For years, the schoolchildren of Honduras came in dead last in international tests of academic performance. No one expected them to top the charts — after all, the tiny nation is one of the poorest in the Western Hemisphere. Still, parents and activists wondered why Honduras’ 75,000-odd public school teachers couldn’t do at least a little better. They recently found out at least one of the reasons why: some 15,000 of those teachers weren’t actually working in the schools they were assigned to.
That revelation came courtesy of a coalition of grassroots organizations called Transformemos Honduras, or Let’s Transform Honduras. The coalition used Honduras’ freedom of information laws to get lists of teachers from the federal Ministry of Education, and details on their pay from the Ministry of Finance. Transformemos Honduras then published that information on their website and encouraged parents and volunteers to check up on whether teachers were at their jobs or not. Armed with this data, activists and volunteers went from school to school in six of Honduras’ 18 departments. They found a full 26 per cent of teachers on the lists were not at their posts.
“We call them ‘ghost teachers’,” says Kurt Alan ver Beek, vice president of Association for a More Just Society (AJS), a Honduran anti-corruption organization that spearheaded the campaign. “Some had died, and their kids were still cashing their paychecks. Some had moved to the United States. Some were collecting pay for working in rural areas even though they had taken other jobs in cities, leaving rural kids with no teachers.”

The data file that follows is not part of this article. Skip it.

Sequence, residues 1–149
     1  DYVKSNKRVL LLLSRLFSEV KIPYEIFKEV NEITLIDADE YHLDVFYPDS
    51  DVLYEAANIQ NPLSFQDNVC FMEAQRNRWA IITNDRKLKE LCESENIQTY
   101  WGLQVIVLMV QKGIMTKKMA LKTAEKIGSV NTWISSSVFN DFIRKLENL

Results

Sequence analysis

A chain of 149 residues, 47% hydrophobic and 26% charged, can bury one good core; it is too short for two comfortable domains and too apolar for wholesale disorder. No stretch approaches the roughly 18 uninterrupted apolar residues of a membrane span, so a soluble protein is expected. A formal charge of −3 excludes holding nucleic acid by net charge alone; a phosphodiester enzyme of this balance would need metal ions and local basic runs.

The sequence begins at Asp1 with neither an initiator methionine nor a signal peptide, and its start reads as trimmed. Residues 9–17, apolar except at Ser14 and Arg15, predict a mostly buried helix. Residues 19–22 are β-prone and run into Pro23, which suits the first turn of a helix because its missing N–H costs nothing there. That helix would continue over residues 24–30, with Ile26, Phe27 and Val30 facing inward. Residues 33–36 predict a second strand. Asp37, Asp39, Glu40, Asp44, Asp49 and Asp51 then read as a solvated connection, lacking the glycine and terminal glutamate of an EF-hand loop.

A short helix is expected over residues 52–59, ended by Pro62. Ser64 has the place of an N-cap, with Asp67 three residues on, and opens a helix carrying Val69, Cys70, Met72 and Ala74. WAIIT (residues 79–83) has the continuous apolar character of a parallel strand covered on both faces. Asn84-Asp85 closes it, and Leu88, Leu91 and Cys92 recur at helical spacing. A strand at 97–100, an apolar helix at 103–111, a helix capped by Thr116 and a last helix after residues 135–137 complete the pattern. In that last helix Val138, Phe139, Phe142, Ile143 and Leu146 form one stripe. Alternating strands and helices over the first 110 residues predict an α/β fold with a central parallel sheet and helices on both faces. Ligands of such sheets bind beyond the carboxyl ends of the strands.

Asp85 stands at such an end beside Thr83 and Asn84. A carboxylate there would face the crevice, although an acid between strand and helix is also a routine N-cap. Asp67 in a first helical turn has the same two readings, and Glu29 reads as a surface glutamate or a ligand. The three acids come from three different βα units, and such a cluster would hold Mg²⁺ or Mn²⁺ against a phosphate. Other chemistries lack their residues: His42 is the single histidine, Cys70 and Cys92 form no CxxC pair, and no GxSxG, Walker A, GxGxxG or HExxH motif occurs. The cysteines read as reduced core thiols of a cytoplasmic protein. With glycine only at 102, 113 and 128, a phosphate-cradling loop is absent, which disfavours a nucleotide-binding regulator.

The coalition launched a media campaign around their findings in 2010, holding press conferences, giving interviews and alerting international donors. “The information put strong pressure on government officials,” says Blanca Munguia, coordinator of Transformemos Honduras. “Everyone knew the system was broken, but civil society opened the floodgates of information and got it out to the public.” As attention grew, more and more parents checked the database and reported on “ghost teachers”. That campaign came on the heels of another Transformemos Honduras research campaign which revealed that Honduran school kids were getting an average of only 110 days of classes each year – barely half the 200 they are legally entitled to.
Even in Honduras, a country whose public sector is ranked by Transparency International as one of the world’s most corrupt, those figures were too much for the government to ignore. In 2012, newly appointed education minister Marlon Escoto began working with Transformemos Honduras to overhaul the educational system. Escoto cracked down on the frequent teacher strikes, and required teachers to register with a new online system. Meanwhile, Transformemos Honduras organized parent volunteers to keep tabs on whether teachers and students were showing up at school when they were supposed to.